Thursday, April 30, 2009

Georgia: Grade school aged boy charged with animal cruelty after shooting neighbor's goat with an arrow

GEORGIA -- Authorities have charged a young boy in the shooting of a pet goat last month in northwestern Forsyth County.

Sandra Scarboro said her 18-month-old female Boer goat has recovered since being wounded in the shoulder March 29 with what was apparently an arrow used for training.

The Forsyth County Sheriff’s animal control unit handled the investigation.

Sheriff’s Lt. David Waters said a grade-school age boy faces a misdemeanor charge of cruelty to animals. The child’s name has not been released because of his age.

“We finished the investigation [April 22] and we’re going to turn it over to juvenile [court],” he said. “We’re going to let them handle the outcome of this case.”


The goat is one of about 40 on Scarboro’s Starrbrook Crossing farm, where she also keeps three horses.

She said she hopes the boy has learned his lesson.

“I just want him to realize that animals have a soul and a heart too and that not one animal deserves to be a target like that,” she said.

Scarboro said the incident was especially hard on her 6-year-old son.

“Joseph got so mad that somebody tried to shoot his goat that he said, ‘I have to go get a gun,’” she said. “I mean he’s 6 and he got so upset.

Mental health intervention is needed for children who torture animals for fun

“For us that was the hardest part, to make him understand that we don’t want the same thing that the boy did. That we have to deal with it in a different way.”

Scarboro originally considered calling the goat Fortune, but said lately she has referred to it as Arrow.

“She’s doing good and I guess she was a lucky goat,” Scarboro said.

(Forsyth News - April 29, 2009)

Earlier:

Wednesday, April 29, 2009

Canada: Presa Canario 'puppy' attacks both its owner and random strangers, has to be Tased by police

CANADA -- Arguing owners may have prompted a vicious attack by a nine-month old dog, forcing police to Taser it three times before its capture, police said yesterday.

A man and a woman in their 20′s were walking the rare Presa Canario breed puppy in the northeast Calgary neighbourhood of Saddle Ridge around 12:30 a.m. when the dog turned on them.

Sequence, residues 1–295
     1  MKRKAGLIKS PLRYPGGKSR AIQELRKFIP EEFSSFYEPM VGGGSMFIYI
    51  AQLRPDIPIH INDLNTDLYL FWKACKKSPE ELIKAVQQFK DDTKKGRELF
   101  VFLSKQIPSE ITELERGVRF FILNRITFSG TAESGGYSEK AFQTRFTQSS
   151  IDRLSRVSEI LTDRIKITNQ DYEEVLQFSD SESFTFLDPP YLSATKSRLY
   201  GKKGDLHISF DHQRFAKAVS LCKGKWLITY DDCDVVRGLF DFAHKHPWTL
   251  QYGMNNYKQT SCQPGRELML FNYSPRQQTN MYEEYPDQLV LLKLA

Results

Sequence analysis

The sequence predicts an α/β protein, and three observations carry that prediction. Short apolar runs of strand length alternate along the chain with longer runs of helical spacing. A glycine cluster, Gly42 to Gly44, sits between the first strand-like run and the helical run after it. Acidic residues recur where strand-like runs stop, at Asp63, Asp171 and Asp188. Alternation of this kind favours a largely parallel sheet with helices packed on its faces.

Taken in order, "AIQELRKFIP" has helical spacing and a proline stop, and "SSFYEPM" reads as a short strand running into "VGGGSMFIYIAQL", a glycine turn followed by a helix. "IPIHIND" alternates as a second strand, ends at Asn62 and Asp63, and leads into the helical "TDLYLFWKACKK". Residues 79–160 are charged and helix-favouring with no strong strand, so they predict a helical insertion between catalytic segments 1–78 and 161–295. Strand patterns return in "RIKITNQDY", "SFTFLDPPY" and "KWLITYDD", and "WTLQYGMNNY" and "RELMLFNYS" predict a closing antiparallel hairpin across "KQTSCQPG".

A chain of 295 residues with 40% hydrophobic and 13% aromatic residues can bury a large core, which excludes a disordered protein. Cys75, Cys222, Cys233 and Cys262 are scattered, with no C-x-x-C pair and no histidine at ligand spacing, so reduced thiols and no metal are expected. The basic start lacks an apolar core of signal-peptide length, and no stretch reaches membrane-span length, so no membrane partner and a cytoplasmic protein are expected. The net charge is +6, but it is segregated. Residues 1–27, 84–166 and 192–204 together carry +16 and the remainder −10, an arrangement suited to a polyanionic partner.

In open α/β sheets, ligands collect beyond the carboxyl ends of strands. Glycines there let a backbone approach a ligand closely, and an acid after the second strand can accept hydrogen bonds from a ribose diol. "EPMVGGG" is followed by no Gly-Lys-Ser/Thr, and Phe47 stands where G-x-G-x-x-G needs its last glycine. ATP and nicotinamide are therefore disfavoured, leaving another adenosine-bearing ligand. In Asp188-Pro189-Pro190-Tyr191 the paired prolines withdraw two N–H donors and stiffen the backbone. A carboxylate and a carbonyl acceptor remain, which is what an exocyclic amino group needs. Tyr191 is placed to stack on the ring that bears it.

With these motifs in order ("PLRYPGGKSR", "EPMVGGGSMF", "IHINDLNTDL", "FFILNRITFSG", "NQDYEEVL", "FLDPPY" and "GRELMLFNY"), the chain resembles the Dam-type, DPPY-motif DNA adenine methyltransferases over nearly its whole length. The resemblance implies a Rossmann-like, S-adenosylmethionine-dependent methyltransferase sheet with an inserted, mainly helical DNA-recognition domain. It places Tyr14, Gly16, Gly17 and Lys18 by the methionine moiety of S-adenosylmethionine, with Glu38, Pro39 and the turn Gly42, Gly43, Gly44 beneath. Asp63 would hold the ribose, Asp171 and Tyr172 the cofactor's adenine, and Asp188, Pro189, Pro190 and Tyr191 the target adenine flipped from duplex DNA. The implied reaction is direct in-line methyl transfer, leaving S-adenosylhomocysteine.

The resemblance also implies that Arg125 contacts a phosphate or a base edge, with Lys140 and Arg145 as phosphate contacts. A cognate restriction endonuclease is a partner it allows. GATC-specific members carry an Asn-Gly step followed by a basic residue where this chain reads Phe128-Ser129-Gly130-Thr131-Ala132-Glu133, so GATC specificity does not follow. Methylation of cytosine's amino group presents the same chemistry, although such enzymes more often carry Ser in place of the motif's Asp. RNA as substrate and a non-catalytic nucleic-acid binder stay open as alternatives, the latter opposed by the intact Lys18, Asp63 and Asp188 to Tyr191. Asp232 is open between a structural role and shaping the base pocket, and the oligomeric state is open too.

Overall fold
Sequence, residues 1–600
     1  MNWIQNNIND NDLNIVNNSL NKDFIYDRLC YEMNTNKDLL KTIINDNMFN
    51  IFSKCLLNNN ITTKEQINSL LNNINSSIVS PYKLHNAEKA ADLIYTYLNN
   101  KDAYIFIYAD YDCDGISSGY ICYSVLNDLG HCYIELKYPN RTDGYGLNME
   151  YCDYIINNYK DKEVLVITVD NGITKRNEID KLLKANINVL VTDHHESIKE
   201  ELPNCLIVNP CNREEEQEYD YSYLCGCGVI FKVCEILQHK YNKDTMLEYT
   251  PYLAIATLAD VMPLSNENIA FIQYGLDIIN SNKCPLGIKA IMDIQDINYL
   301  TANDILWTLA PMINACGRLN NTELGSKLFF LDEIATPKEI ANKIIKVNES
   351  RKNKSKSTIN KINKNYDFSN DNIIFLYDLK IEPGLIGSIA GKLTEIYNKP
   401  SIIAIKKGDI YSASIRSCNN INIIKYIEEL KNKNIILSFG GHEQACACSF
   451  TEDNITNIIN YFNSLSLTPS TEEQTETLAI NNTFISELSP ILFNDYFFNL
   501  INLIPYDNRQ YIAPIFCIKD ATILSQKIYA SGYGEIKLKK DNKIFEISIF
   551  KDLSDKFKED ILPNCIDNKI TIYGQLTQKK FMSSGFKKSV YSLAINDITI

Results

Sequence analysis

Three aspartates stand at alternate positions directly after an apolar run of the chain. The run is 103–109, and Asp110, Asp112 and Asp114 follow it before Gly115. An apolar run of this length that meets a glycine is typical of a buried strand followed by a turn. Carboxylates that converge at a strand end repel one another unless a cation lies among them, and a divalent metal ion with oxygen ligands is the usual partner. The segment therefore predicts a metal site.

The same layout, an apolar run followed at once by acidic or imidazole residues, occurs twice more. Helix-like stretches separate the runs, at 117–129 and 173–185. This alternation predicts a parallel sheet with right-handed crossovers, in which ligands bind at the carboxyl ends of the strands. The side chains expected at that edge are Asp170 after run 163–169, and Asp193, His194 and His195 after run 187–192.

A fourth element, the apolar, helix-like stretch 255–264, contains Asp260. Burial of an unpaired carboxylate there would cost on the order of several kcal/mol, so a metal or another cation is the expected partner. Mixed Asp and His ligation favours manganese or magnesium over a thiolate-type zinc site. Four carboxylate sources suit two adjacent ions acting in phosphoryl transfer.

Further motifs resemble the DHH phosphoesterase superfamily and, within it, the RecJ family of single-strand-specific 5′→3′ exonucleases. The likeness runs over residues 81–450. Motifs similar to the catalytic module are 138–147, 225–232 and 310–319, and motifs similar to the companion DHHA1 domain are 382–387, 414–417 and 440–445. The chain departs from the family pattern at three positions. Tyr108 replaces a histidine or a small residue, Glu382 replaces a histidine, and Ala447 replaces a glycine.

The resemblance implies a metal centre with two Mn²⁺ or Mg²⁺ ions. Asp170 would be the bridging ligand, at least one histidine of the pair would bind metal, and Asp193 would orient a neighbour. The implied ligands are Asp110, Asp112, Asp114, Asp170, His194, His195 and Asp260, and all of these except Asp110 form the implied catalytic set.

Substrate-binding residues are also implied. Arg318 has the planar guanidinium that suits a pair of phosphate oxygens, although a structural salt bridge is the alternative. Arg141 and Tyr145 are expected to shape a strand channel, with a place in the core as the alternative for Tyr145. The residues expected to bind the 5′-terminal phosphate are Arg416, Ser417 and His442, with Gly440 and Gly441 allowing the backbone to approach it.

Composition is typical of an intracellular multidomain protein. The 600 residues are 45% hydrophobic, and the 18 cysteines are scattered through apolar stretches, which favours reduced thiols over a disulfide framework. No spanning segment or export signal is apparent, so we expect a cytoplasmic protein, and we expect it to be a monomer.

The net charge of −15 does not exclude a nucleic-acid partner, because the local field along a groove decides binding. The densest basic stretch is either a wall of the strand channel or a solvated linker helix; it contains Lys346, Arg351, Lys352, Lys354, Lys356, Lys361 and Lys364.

“We believe the couple was arguing when the dog began biting them aggressively,” Staff Sgt. Geoff Gawlinski said, adding they went to hospital with minor injuries.

Witnesses flagged down police and the dog was Tasered. When the dog continued to act aggressively towards police it was Tasered a second time before it fled.

Police followed the dog to the porch of a nearby home and after the police devised a plan to minimize collateral damage, the dog was Tasered a third time as it continued to act aggressively, according to Gawlinski.

Animal and bylaw services boss Bill Bruce said a full investigation will be launched before any decisions for the animal’s fate will be made, but said this case is much different than another dog attack that occurred last Friday.

“In this case, the dog attacked its owners, and in the other case the dog got out of the yard and started attacking random strangers for no apparent reason,” Bruce said.

The dog was not harmed and remains in animal services custody pending further investigation.

(Metro Calgary - April 28, 2009)

Monday, April 27, 2009

Tennessee: Michael Robertson, 45, starved his Bulldog mix to death. For unknown reasons, prosecutors drop the case

TENNESSEE -- A 45-year-old Trimble man accused of cruelty to animals was not prosecuted in Dyer County Circuit Court on March 17.

Michael Robertson, 45, 35 Gin St., had been accused of neglecting to feed and provide medical care for his dog, a bulldog mix.

When the dog was confiscated April 7, 2008, it reportedly suffered from undernourishment and severe infestations of hookworms, roundworms and heartworms. The dog died on April 15, 2008 - barely a week after being rescued.

Robertson insisted he had provided the dog with medical care.

(State Gazette - April 26, 2009)

Tuesday, April 21, 2009

California: Jack Ziniuk, 64, beheads his horse and feeds its head to his dogs, police say

CALIFORNIA -- A Riverside County man was arrested on charges of felony animal cruelty after police say he bludgeoned his horse with a sledgehammer, decapitated it with a chainsaw and fed it to his dogs.

Jack Ziniuk, 64, of rural Anza called authorities Sunday morning to say his horse had been injured by dogs, was having seizures and needed to be put down,  Riverside County Sheriff’s Sgt. Bill Roach said.

But when officers arrived they found a headless horse. A bloody sledgehammer was submerged in a bucket of water and a chainsaw sat nearby. The animal’s head was lying in a dog run where Roach said it was serving as food for Ziniuk’s dogs.


“He told us he was having an argument with his neighbors and some dogs had attacked his horse but when deputies got out there they found the horse already dead,” Roach said. “He essentially admitted that he did it and that no dogs had attacked the horse.”

Roach said he didn’t know why Ziniuk would call police saying his animal was ill and then behead it before they arrived.

The Riverside County Department of Animal Services has been to Ziniuk’s property numerous times because of his animals' living conditions, said John Welsh, department spokesman.